A flawed ceasefire

There is a general agreement over the fact that no fruitful results can be achieved through the ongoing peace talks between the government and the TTP, without the support and compliance from the armed forces. During the 169th Corps Commander Conference chaired by Chief of Army Staff (COAS) General Raheel Sharif, the military leadership has accepted the government’s and TTP’s common demand of a ceasefire.
There are some who would have us believe that this is an unprecedented development, and of course many of us will believe it owing to the fact that we have the collective national memory of a goldfish. We’ve been here before, and not so long ago. There is nothing original or revolutionary about the steps being taken. Think: Swat. Simply put, we’re doing the exact same thing we tried in Swat, and expecting a different result.
This entire ‘give peace a chance’ exercise is based on a false assumption. An extremely complex phenomenon has been oversimplified in order to make room for absurd solutions. There are no less than thirty five militant groups affiliated with the TTP. The extent of the autonomy these groups enjoy with regards to their routine operations varies. It is the ultimate chameleon organisation: When it is in their interests, they appear as one massive entity, but when it deems fit, the TTP distances itself from these groups. Like right now. As we speak, Peshawar is under attack. A suicide attack killed four women on Monday, and now, three more blasts in Shama cinema resulting in the deaths of at least sixteen people so far.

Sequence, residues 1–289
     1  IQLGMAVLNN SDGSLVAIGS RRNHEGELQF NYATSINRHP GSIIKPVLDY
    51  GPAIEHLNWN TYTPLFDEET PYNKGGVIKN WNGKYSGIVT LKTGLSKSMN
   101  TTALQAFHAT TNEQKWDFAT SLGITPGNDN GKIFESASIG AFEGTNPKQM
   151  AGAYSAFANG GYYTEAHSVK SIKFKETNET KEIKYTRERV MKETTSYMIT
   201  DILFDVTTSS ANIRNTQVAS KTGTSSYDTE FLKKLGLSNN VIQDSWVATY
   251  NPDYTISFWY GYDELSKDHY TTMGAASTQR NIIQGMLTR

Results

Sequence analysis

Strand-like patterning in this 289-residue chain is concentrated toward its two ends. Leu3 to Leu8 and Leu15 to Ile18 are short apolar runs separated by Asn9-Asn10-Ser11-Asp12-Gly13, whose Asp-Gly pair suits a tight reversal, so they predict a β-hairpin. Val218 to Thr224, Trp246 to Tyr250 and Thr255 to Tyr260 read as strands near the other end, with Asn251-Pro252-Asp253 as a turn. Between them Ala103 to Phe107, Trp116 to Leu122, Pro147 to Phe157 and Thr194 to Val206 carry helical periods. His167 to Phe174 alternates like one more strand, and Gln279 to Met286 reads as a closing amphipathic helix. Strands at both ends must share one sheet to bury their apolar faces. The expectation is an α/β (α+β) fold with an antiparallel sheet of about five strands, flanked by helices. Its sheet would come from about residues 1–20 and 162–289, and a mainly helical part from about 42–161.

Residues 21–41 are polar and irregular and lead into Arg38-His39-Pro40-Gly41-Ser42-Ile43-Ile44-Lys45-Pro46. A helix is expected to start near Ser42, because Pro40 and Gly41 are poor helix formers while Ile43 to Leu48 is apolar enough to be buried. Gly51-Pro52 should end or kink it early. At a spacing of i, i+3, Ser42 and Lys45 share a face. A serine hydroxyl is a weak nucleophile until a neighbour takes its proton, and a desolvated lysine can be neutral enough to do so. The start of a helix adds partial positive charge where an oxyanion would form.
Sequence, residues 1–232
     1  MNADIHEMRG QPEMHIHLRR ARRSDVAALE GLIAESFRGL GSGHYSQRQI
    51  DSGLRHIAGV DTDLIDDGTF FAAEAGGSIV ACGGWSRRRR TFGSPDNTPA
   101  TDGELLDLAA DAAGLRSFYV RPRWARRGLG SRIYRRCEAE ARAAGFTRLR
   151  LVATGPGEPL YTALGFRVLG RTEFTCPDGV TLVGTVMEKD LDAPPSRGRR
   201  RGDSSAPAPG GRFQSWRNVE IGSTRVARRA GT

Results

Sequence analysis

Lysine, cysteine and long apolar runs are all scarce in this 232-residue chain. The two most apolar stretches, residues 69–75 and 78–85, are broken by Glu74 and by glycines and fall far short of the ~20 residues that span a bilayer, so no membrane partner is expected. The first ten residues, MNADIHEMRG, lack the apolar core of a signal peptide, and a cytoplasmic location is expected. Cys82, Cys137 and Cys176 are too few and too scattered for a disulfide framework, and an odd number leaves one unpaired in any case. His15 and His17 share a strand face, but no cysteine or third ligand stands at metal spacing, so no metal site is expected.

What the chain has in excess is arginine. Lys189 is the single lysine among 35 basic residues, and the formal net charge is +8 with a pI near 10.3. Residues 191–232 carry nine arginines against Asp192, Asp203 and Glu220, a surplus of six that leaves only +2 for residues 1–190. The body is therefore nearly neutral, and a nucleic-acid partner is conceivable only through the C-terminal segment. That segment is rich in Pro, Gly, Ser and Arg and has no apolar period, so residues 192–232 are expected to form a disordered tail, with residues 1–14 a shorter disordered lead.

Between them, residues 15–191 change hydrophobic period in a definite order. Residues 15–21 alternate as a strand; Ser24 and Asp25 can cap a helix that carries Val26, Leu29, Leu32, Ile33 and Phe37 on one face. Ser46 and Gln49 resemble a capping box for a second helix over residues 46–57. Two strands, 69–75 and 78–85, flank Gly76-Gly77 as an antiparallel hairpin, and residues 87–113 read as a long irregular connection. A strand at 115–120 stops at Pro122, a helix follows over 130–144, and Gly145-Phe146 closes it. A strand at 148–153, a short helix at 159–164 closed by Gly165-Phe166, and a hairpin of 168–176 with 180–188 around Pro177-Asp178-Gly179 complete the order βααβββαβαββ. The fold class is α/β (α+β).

Another interesting point which demands attention is that the option of “retaliatory action” has been kept open by the Army. That is, if attacked, the forces will hit back. The problem with this is that the military will only respond if it comes under direct attack. It may sound like a fair deal for the Army and the TTP, but surely, the wider public will be at the receiving end of the bargain. Will we continue to stress ceasefire while the terrorists kill common citizens? Will the TTP admit to being behind these attacks? If so, will the ceasefire remain intact? And if not, we can be certain that the TTP might be the face of the insurgency, but it is in no position to give assurances on behalf of other active militant groups. Do we then go to each group individually and beg for peace? Obviously, that is just not doable. The government would do well to reconsider its flawed approach. We simply cannot afford to waste anymore time.

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